Compton mayor changes tone in wake of ambush shooting of sheriff's deputies

'They terrorize the community and then they cover their tracks,' Mayor Aja Brown previously said

As the search continued Monday for a brazen gunman who ambushed two Los Angeles County sheriff’s deputies, the anti-cop rhetoric from at least one local leader has softened.

Both deputies, shot in the head as they sat in a marked squad car, were initially listed in critical condition but have since stabilized and are expected to survive, according to multiple reports. In a statement released shortly after the shooting, Compton Mayor Aja Brown said she was “devastated to learn of the tragedy.”

“Both deputies and their families will remain in our prayers,” Brown said in a statement initially released Saturday and provided to Fox News on Monday. “The City will be working with the Sheriff's Department as they search to apprehend the individual responsible for this act of violence.”


But Brown’s statement was a change in tone from previous comments she made just weeks earlier, when she said sheriff’s deputies “terrorize the community.”

Brown made her previous comment at the beginning of August, when she was joined by civil rights advocates who were calling on the state attorney general’s office and the U.S. Department of Justice to investigate the sheriff’s station.

At the time, she and other advocates were speaking in the wake of a legal claim about a violent gang of Los Angeles County sheriff’s deputies who allegedly call themselves “The Executioners.” They also urged city officials to discontinue Compton’s contract with Los Angeles Sheriffs Department.


She detailed her own experience with L.A. County sheriff's deputies during a traffic stop from June of last year.

"I rolled my window down and asked why I was being pulled over," Brown said at the time, according to KABC-TV. "Within seconds, almost seven to nine sheriff deputy vehicles descended upon the scene."

Deputies accused her of running a red light, Brown recalled, denying the allegations to be true.

(Mayor Aja Brown Official Photo)

(Mayor Aja Brown Official Photo)

"They ordered me out of my vehicle and they asked me to put my hands on top of the police vehicle so they could search me as if I were a criminal," Brown said. "Mind you, I was accompanied by my husband and my infant daughter in the back seat. I did not look like someone that is trafficking drugs."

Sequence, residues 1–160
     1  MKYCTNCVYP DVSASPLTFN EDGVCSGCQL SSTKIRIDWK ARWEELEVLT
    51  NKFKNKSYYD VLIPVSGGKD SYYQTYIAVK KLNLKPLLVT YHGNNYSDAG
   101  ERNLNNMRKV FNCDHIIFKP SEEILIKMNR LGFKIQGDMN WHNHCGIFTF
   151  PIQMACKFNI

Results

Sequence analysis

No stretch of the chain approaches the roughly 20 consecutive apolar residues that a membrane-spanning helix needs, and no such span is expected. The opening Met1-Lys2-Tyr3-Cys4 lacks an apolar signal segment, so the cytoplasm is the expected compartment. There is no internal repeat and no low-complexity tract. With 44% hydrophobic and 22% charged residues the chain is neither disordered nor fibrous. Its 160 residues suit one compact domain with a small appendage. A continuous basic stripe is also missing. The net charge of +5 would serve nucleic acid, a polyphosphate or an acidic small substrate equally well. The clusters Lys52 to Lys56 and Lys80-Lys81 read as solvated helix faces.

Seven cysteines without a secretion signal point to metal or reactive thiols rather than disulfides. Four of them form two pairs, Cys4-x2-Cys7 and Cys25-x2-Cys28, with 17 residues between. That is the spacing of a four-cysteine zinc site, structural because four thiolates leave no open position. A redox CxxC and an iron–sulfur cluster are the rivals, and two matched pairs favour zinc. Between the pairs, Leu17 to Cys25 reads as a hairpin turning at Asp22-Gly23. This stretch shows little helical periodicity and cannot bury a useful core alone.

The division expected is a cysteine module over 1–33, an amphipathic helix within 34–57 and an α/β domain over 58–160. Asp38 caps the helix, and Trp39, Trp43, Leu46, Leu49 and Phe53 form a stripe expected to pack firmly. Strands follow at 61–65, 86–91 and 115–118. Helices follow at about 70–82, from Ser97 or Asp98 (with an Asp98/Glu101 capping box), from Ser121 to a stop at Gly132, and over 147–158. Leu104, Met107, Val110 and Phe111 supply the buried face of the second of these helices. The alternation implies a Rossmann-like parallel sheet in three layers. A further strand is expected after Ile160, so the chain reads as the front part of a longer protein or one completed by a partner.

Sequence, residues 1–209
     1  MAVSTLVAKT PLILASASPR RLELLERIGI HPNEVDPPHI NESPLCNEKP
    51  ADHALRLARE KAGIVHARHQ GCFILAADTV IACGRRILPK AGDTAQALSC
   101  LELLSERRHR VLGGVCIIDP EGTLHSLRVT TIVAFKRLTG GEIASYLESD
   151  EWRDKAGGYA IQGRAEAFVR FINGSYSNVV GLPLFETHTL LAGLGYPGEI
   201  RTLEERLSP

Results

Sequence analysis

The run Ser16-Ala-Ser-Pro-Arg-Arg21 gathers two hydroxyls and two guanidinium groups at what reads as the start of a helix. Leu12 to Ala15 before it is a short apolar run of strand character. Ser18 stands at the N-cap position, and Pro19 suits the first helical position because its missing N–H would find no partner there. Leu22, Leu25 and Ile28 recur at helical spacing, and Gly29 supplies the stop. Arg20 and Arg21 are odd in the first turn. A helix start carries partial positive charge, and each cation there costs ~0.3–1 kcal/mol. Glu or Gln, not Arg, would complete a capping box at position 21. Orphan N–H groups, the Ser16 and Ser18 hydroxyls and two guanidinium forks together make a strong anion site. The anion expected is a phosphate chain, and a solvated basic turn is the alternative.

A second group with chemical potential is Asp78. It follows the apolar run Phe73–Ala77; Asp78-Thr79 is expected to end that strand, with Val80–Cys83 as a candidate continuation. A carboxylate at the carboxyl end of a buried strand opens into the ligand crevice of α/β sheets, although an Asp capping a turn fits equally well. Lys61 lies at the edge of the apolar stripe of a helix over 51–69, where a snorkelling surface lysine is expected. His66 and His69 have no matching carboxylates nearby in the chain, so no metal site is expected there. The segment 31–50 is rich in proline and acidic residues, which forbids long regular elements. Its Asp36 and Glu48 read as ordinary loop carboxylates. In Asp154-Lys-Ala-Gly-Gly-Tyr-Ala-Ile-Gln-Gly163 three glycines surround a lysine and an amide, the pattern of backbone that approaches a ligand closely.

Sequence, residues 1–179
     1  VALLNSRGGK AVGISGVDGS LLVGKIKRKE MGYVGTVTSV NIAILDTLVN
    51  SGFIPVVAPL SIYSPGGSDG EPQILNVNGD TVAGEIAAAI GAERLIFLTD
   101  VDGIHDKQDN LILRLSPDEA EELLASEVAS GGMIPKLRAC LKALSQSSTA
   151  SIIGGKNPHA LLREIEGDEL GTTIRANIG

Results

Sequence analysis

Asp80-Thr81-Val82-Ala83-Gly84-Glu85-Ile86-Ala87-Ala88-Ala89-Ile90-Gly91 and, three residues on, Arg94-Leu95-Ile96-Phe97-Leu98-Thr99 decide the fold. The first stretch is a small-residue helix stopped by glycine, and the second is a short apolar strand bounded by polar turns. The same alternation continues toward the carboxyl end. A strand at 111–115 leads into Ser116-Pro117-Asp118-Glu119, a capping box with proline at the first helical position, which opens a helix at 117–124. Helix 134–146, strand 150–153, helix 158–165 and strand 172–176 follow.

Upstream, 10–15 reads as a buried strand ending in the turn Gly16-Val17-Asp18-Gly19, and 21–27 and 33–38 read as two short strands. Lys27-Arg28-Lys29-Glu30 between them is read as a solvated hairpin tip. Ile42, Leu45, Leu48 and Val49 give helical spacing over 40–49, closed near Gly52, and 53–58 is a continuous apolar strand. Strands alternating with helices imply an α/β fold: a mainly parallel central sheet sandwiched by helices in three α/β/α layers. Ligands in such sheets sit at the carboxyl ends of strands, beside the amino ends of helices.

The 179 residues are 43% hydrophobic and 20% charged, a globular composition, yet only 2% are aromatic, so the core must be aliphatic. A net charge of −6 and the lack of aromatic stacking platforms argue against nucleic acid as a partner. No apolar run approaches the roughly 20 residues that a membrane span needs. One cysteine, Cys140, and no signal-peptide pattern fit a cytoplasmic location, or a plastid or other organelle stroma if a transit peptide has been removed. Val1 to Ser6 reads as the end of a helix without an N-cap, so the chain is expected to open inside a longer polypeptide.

Brown said she filed an official complaint with the LASD.

"They terrorize the community and then they cover their tracks," she continued. "It is unacceptable, we will not take this."

On Monday, Brown stood by her criticism of the police, but said she condemns "violence of any kind." She denied that her sympathy for the wounded cops was inconsistent with her prior remarks.

"The shooting on Saturday was an absolute tragedy, not only to the two victims involved, but to our entire community as a whole," Brown said in a statement. "The act of one person does not reflect our city of 100,000 residents, or the great strides we’ve taken collectively to improve safety in our community. We do not tolerate nor promote violence. We will continue to keep the deputies and their families in our prayers."

Association For Los Angeles Deputy Sheriffs (ALADS) President Ron Hernandez told Fox News he applauded Brown for clarifying, but added: "She made a key statement in there and that's the fact that the act of one person doesn't reflect the whole community."

"I'm never going to argue that there aren't bad cops. There are, we see them get in trouble, we've seen some get arrested," he continued. "She made a very good statement when she said it does not reflect everybody and the same thing goes for law enforcement."

Meanwhile, LASD has announced a $100,000 reward for information for any information that leads to the arrest and conviction of the person seen on video opening fire on the deputies.

Investigators described the attacker as a Black man who appears to be between 28 to 30 years old and who was wearing dark clothing at the time of the shooting.

Sheriff Alex Villanueva said during a subsequent press conference that the victims “survived the shooting and [are] recovering, a double miracle,” the Los Angeles Times reported, noting that both deputies were shot in the head.


The deputies were shot shortly before 7 p.m. Saturday while sitting in their patrol car at a Metro rail station and were able to radio for help, the sheriff said.

Both victims – a 24-year-old man and a 31-year-old mother of a 6-year-old – were sworn in just over a year ago, according to the L.A. Times report.

The department has faced criticism during recent protests over racial unrest but it’s unclear if that was a factor in the shooting. Officers have only a “very, very generic description” of the shooter to go on, officials said.

An extended version of the video reviewed by the Times shows the shooter running away in the direction from which he came. He turns a corner out of the frame, past a second figure lingering on the sidewalk, according to the Times. It’s unclear if the second person was involved in the attack. A Sheriff’s Department spokeswoman declined to comment, citing the ongoing investigation.


Moments after the shooting, the passenger door opens and a deputy stumbles out, hand on head, according to the newspaper. The drivers-side door opens soon afterward.

The video sparked a reaction from President Trump, who responded on Twitter: “Animals that must be hit hard!”

Fox News' Louis Casiano and The Associated Press contributed to this report.